Sunday Pages: "The Bad Old Days"
A poem by Kenneth Rexroth
On an old episode of The Simpsons, Bart Simpson decides to run for class president against Martin Prince, the goody-two-shoes dork. As the campaign begins, we see Martin hanging up a poster that reads A VOTE FOR BART IS A VOTE FOR ANARCHY. The camera pans down the hallway to reveal Bart hanging up…the exact same poster.
I’ve been thinking of anarchy the last few days, after watching the horrifying footage of the insurrection on Thursday night. Most of the MAGA men and women who participated in the besieging of the Capitol did so because they believed, truly believed, that the election had been stolen, and they were somehow defending the republic. They also believed that Donald Trump, the charlatan, had somehow made their lives better—which, almost across the board, he had not.
Where does that anger come from? Wherefore their grievance? Certainly their contempt for the current political system is legitimate. Much of the appeal of Trump as candidate in 2016 derived from his position as a Washington outsider, a rich guy beholden to no one, who was therefore free to do as he pleased when he took the reins. None of that was true, alas. He was very much beholden to the Russian mob, and to the neo-Hitler whose plans for the next phase of the Ukraine invasion involve the bringing of famine. But those who voted for him voted for change. Drain the swamp, etc. Trump promised to fuck up the system, and on this, he delivered—but with an O. Henry-style twist. He didn’t fuck it up to help the people, the workers, the downtrodden. He fucked it up to help himself and his cronies.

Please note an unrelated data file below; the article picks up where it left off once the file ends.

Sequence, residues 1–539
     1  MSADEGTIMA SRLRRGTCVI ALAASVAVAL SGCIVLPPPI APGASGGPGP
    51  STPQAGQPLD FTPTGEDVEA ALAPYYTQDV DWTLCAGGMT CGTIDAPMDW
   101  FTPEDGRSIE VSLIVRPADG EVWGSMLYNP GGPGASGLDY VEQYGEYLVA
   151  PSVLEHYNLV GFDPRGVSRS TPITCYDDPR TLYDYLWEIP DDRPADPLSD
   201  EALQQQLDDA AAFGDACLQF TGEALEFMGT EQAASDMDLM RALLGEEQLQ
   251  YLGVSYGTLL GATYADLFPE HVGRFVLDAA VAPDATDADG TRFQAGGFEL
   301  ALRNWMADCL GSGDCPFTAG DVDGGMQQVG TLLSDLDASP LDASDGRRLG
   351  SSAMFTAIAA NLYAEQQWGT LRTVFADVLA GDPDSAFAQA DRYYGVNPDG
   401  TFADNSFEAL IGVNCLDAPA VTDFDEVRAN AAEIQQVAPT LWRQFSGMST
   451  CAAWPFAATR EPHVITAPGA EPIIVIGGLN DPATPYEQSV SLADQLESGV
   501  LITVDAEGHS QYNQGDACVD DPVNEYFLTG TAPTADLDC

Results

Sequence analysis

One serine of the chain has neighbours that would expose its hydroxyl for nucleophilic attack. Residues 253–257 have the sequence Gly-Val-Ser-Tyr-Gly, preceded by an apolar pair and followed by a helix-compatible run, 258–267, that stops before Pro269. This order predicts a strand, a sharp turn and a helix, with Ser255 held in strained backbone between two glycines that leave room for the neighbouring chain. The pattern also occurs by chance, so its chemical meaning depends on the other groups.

Anarchy derives from “an-,” without, and “arch,” a ruler. Anarchy was popular in the late 19th and early 20th century, a time of extreme income inequality similar to our own. The most famous anarchists were assassins, picking off the plutocrats and effete royals they considered their oppressors. Thus the word anarchist has a negative connotation today. To me, a believer in actual law and order, the whole idea is anathema.
But from what I gather, anarchists before the Great War were just trying to make the world a more equitable place. They were the first post-Marxist ideation of would-be system-changers: anarchists, communists, radicals, progressives, socialists, liberals, democratic socialists—words buffoons like Lauren Boebert use to scare the masses.